During the financial discussions as part of divorce proceedings, full financial disclosure is required. This includes disclosure of pension assets. Often one spouse’s pension provision is significantly higher than the other’s. This can be explained by salary differences, maternity breaks, pre marital contributions, age differences or choices made by the couple during the marriage.
There are several ways that the pension imbalance can be dealt with. This includes obtaining a Pension Sharing order and offsetting some or all of the pension against other assets. Actuaries and pension experts are often asked to write joint reports to determine what shares and amounts should be divided to enable a fair outcome to be achieved.
As a family lawyer, and mediator, I often hear a spouse say they are not interested in the pensions. This is normally because they see pensions as an asset that is not realisable for some time and of little use right now. However the attached article highlights the effect such an approach can have, especially on women.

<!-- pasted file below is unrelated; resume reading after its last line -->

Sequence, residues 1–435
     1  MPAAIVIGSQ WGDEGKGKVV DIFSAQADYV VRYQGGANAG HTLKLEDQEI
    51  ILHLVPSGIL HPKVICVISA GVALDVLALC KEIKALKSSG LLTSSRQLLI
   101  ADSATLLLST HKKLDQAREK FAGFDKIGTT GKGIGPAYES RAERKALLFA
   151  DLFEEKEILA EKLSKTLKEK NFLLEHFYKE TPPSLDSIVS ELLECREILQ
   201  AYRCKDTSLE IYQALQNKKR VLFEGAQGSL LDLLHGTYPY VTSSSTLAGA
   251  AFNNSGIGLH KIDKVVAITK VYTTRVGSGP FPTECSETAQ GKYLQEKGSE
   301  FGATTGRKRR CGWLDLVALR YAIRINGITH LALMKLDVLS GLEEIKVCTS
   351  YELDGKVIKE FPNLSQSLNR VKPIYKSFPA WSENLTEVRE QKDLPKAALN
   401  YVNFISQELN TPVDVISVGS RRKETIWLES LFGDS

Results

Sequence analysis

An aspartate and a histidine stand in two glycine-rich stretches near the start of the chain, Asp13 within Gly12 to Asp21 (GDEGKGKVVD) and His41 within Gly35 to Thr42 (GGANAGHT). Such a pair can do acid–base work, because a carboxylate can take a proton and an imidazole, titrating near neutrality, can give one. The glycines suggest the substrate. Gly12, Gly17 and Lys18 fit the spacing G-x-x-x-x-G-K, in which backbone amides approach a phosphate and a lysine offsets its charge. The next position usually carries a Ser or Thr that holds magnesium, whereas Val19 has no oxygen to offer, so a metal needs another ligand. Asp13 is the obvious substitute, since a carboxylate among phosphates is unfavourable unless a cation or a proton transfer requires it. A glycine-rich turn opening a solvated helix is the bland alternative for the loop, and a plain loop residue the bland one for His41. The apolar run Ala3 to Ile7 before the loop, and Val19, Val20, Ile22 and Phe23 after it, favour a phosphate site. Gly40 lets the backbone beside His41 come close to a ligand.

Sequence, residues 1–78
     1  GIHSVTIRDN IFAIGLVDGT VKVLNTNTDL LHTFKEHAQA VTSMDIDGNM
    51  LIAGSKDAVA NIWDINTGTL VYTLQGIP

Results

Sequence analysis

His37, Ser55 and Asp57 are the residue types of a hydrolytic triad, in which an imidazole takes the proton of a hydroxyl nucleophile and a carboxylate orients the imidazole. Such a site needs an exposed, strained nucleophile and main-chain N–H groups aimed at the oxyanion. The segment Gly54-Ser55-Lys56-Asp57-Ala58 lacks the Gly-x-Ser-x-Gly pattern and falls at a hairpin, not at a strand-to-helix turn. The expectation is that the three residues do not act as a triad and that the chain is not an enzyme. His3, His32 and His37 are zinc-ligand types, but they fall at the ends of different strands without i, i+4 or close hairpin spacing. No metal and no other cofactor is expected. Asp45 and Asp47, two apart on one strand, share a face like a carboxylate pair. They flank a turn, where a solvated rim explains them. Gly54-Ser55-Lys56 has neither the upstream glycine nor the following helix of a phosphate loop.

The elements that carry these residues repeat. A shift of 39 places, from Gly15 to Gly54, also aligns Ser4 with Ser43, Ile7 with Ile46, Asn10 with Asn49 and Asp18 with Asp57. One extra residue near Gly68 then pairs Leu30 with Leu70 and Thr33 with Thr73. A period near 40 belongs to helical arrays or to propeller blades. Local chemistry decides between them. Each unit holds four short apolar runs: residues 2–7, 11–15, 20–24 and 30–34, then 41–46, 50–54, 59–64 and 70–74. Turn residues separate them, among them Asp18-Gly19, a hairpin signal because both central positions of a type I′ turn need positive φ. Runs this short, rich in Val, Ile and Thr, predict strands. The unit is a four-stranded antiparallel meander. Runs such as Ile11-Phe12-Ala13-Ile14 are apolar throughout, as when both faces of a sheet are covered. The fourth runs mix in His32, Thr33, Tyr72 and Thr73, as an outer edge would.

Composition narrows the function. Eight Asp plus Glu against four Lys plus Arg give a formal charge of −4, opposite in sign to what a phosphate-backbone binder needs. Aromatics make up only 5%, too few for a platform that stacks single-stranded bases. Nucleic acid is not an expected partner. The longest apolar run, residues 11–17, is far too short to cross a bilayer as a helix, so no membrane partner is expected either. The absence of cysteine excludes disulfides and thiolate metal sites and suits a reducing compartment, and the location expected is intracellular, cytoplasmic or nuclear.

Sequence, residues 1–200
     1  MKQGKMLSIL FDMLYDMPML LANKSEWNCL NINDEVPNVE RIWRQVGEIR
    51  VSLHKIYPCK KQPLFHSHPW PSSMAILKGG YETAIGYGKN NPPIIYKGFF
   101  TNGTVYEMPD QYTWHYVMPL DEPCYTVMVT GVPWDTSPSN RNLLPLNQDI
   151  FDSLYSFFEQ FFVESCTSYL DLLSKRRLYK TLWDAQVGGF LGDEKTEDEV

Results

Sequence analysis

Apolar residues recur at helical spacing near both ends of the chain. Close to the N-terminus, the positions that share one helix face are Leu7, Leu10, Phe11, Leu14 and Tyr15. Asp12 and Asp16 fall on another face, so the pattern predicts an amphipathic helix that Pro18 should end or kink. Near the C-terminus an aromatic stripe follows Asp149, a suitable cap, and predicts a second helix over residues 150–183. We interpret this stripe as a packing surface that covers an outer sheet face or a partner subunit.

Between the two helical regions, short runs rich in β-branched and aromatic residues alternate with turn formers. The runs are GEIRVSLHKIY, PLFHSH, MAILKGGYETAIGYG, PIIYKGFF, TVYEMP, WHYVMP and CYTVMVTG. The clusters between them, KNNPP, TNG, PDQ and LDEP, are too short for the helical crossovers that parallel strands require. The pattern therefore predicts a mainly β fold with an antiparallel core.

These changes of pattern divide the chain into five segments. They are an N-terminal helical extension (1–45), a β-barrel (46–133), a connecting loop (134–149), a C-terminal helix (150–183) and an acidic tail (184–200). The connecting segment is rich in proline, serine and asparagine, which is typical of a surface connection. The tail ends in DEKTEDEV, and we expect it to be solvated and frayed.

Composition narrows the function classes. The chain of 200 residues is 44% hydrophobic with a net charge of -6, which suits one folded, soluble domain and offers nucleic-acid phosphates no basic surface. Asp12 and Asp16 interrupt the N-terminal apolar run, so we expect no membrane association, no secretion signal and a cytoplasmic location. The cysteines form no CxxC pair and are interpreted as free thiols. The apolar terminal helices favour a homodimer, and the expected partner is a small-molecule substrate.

Further information about pensions and divorce can be found at:- www.freethsoxford.co.uk/divorcepension
If you have any queries please do not hesitate to contact me.
Overall, women are less well prepared for retirement than men, with 52 per cent saving adequately for the future, compared with 59 per cent, respectively, the survey showed.This figure falls to below half for divorced women, with nearly a quarter saying they are unable to save anything at all into a pension, twice the rate of divorced men saving nothing.Even if pensions are discussed during a divorce settlement, women are still missing out – 16 per cent lost access to any pension pot when they split with their partner and 10 per cent were left relying completely on the state pension, Scottish Widows said